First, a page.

Is http://wp.mu hosting considered as "reseller" account or not?

I just looked at http://wp.mu and http://www.psek.com/wpmu/, and the hosting plan starts at $15/month with unlimited disk space (sweet!).

When I looked further, I also noticed that psek has "reseller" plans. Since I am setting up wp multisite to sell each sub-blog site to my customers with the "supporter" plugin and other money making plugins, will my account with http://wp.mu & psek.com considered as a hosting "reseller" account by psek?

What I do with wp multisite actually is like a hosting reseller when looked from a the hosting company point of view, right? - My customs create websites under my account and I charge them monthly fee to keep their website live - exactly like what a hosting reseller does.

And at psek.com the reseller account charges differently (starting @ $35/ month with only <2G disk space).

What is the catch here? Maybe http://wp.mu has a deal with psek, and this kind of account will not be considered as reseller? If that is the case, how about other hosting companies, such as hostgator, will they see this practice as "reseller" ?

http://wp.mu only supports up to 5 domains. What if my customers all want their own domain names? 5 is not enough in this case.

Thanks!

  • Timothy Bowers

    http://wp.mu only supports up to 5 domains. What if my customers all want their own domain names? 5 is not enough in this case.

    No this usually means 5 domains as in 5 sites I would assume. If it is cPanel they would be called addon domains. not sure of the name in Plesk.

    When you users have a site with you they don't usually add their domain to your server/hosting as such, they create a CNAME or change their A record to point to your MU install, thus never actually using your 5 allotted domains.

    We run our own servers based in the UK and don't use WP.MU or Hostgator.

    You are, I suppose a reseller but not in the hosting sense, your not selling e-mail or cPanel/Plesk type accounts and so you don't really need a reseller account for what your doing.

    That said, WP if you are not careful can bloat in both files and DB when you ad to much to it and you can find some hosts telling you to downsize and optimise your site or upgrade to more expensive plans. I never like the term unlimited because its really a marketing gimmick, trying using 10TB or more of space :wink:

    I've never really heard much bad about either of the companies you mentioning obviously though when dealing with large quantities of customers there will be some hiccups occasionally. If you want to check out other providers, read reviews, find offers then pop over to Web Hosting Talk:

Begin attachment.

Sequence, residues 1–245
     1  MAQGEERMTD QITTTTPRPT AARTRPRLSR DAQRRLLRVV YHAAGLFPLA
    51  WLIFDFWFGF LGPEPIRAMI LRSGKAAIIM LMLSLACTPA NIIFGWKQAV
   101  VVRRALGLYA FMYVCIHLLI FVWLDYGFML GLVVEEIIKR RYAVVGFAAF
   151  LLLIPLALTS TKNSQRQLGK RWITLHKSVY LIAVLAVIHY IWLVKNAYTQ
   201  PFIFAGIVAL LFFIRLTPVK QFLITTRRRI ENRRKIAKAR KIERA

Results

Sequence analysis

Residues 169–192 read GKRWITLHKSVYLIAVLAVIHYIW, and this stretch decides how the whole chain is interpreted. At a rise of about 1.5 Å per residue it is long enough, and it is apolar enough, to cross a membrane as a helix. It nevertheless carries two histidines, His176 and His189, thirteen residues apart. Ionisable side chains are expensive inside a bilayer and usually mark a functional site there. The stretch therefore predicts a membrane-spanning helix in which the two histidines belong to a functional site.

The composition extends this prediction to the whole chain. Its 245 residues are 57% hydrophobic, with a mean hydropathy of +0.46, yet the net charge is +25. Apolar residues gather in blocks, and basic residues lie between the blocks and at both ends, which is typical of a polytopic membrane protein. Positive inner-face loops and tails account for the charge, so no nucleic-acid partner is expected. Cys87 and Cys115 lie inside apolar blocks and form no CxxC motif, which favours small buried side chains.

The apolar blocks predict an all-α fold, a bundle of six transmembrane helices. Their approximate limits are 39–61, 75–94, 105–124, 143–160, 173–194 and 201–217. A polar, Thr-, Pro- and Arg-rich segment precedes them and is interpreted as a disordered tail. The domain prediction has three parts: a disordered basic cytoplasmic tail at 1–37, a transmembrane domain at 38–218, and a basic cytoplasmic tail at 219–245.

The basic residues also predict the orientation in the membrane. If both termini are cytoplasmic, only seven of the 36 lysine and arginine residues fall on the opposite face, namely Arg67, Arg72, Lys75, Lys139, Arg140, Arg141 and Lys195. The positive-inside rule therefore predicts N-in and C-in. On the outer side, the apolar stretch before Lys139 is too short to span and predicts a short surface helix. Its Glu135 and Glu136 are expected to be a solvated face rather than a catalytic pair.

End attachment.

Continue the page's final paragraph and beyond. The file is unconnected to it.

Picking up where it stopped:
http://webhostingtalk.com

    Sorry I can't help you on those other bits.

  • Timothy Bowers

    Yeah sure:

    + Create a clear plan of what you want to achieve! Plugins, Themes, style, purpose, etc.

    + Stick to that plan!

    + Don't install plugins and themes on your main site just to test, every install can and often will insert data in the database, not all will remove the data when removed thus leading to DB bloat.

    + Try not to bloat your install with too many plugins, remember every time a plugin is installed it can insert data, it might also be another 1 or another 100+ php files to include on every page and post load depending on the plugin, thus requiring more memory from your install. Shared hosting environments and hosting companies don't always play nice when you hog their server resources.

    + Create a sandbox install if you must play with themes and plugins before putting them on your production website, thus limiting the footprint on your main install.

    + Be careful with themes, especially free ones some designers and developers don't always sanitise user input which can lead to your site being compromised, hacked, phished, etc. Some free themes also hide and encode malicious scripts (base64). So be vigilant!

    Remember every time you install something, it can add something and that something won't always be removed, before long you will have a bloated DB, a bloated install and no other way except painstakingly going through the database manually and removing the crap or removing plugins from your site which a handful of users might or might not use thus causing distress to them. Planning helps avoid these issues. Themes are just as bad as plugins at inserting stuff.

    Hope this helps offer some guidance! :slight_smile:

  • marikamitsos

    Hello all,
    I totally agree with Timothy.
    What I actually fiound very helpful as well is this.

    I have registered a domain name -that I will use sometime in the future- hosted with a cheap hosting plan but good host.
    I have installed a basic multisite there. After that I made and keep a backup of the "prime" db. I then use the install to try everything on. Themes, plugins, blogs, roles, etc
    When I find something is really needed I apply it to my live site.
    The best thing is that whenever the test site gets "messy", I delete all the tables from the db, the unwanted plugins and bad themes, upload the kept backup and start fresh again in less than 10 minutes. If I find something really useful, I reset it and make a new db back to keep

    Compared to the benefits, it costs a trivial amount of money. Its worth it. :slight_smile:

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